I have mentioned just a few instances of cultural conflict over accountability: the culture wars are fought over you and me, non-experts in an advanced, complex, and hierarchical, yet “democratic” industrialized society.  Confident in the capacity of ordinary people to test their betters, Locke, like ourselves, was up against centuries of conservative antidemocratic propaganda on behalf of a tribal or feudal order where either Nature or arbitrary authority were taken for granted as immovable. Not surprisingly, social obligations (contracts) were vertical, links in the Great Chain of Being, not horizontal agreements between equals, each party theoretically free to walk away from a bad deal.

NOTES.

[1] For cultural nationalists, the mosaic represents “self-reliance” as expressed in economic autarky, the unit being the ethnic nation.  Such organization would make it difficult for workers to unite across “ethnic” or “cultural” lines. By biological determinism, I do not mean that the followers of Herder had a materialist understanding of the natural sciences. As John Crowe Ransom or Eric Voegelin understood the völkisch idea of a national culture, there would be a spiritual uniformity in a people who had interacted for a lengthy period with their specific material environment, evolving into a balanced relationship with nature and each other. This was the point of T.S. Eliot’s famous remark (1933) about limiting the number of freethinking Jews in the interest of local stability. See Ransom’s crucial essay “The Aesthetic of Regionalism,” AR Vol. 2 (Jan 1934): 290-310, for an elucidation of scientistic localism that infuses contemporary concepts of multiculturalism and compare to Herder’s concept of nationality as described by Eric Voegelin, The History of the Race Idea (Baton Rouge: Louisiana State UP, 1989).

[2] Until I read the political sociologist Eric Voegelin on the history of the race idea, I did not understand this point. Voegelin rejected the concept of “race” as too materialist because of its biological implications. Instead he embraced Herder’s seminal idea of cultural nationalism.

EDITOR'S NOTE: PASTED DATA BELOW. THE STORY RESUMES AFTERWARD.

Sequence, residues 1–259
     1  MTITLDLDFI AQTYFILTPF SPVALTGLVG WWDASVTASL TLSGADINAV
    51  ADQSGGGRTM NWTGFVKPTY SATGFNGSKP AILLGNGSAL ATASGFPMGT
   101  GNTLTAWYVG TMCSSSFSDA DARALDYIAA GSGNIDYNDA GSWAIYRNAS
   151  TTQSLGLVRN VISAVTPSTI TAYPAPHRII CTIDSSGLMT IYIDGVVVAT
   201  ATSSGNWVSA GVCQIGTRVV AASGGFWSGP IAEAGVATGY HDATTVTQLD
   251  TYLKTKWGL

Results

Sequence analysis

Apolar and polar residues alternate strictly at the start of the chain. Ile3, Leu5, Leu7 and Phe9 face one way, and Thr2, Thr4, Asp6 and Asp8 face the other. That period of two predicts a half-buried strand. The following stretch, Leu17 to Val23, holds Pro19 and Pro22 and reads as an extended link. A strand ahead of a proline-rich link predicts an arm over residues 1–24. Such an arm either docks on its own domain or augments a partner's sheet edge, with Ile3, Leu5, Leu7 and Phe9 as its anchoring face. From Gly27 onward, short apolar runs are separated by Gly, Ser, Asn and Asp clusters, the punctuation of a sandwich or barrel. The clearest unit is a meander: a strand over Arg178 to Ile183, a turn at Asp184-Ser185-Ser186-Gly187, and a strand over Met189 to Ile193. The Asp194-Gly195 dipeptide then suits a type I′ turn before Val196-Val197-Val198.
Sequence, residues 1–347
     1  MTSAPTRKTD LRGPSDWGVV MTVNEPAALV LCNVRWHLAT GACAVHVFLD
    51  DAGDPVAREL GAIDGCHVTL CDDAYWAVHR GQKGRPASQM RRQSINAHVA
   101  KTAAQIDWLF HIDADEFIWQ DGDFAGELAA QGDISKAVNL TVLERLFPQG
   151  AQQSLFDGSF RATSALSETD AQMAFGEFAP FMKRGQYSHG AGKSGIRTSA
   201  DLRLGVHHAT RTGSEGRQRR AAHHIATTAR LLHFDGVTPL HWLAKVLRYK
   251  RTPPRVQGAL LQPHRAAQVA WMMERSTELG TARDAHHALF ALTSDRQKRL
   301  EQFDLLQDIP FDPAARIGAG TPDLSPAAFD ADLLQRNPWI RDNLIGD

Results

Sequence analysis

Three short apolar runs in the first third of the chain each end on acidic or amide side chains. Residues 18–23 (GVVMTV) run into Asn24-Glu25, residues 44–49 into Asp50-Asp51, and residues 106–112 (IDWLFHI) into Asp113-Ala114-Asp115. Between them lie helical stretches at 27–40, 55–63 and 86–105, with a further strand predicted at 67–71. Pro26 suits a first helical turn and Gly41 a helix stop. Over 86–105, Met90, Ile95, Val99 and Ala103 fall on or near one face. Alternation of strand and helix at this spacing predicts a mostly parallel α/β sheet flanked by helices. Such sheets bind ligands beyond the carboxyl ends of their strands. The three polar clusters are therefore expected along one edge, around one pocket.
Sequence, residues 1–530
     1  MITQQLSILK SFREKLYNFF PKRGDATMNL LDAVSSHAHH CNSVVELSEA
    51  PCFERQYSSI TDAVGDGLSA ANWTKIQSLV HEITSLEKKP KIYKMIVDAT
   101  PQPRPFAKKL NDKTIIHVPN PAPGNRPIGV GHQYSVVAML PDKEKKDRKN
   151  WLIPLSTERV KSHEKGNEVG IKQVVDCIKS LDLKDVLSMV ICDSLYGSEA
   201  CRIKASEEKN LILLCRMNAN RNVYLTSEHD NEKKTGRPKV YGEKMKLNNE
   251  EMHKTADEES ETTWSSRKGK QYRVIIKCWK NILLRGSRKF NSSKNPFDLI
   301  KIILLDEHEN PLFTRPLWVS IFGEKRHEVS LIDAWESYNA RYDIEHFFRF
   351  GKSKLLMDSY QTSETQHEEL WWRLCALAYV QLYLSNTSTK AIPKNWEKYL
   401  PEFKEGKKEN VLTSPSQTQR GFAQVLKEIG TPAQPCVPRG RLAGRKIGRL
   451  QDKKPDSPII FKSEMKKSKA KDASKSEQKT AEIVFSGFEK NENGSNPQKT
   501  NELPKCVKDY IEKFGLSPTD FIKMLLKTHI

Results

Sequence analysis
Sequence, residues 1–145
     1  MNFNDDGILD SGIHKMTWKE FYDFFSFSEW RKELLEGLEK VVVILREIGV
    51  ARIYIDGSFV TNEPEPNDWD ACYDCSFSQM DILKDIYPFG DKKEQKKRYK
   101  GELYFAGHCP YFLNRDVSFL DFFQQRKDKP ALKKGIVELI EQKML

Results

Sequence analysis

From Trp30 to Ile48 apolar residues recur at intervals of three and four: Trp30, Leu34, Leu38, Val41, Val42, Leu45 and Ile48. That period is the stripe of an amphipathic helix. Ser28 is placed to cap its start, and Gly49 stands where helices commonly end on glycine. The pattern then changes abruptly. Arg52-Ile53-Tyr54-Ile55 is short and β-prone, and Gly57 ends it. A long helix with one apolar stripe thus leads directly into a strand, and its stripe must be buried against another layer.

[3] See the tone set by Roger Kimball, Tenured Radicals: How Politics Has Corrupted Our Education (N.Y.: Harper and Row, 1990): “…the men and women who are paid to introduce students to the great works and ideas of our civilization have by and large remained true to the emancipationist ideology of the sixties” (xiv)…a new form of thought control based on a variety of pious new-left slogans and attitudes (xvi)…The denunciations of the “hegemony” of Western culture and liberal institutions that are sounded so insistently within our colleges and universities these days are not idle chatter, but represent a concerted effort to attack the very foundations of the society that guarantees the independence of cultural and artistic life–including the independence of our institutions of higher education (xviii).”  The radical canon includes Freud, Marx, and Nietzsche (7); quoting Schiller, Kimball praises dissent and complains that the tenured radicals now occupy the moderate center (188-89).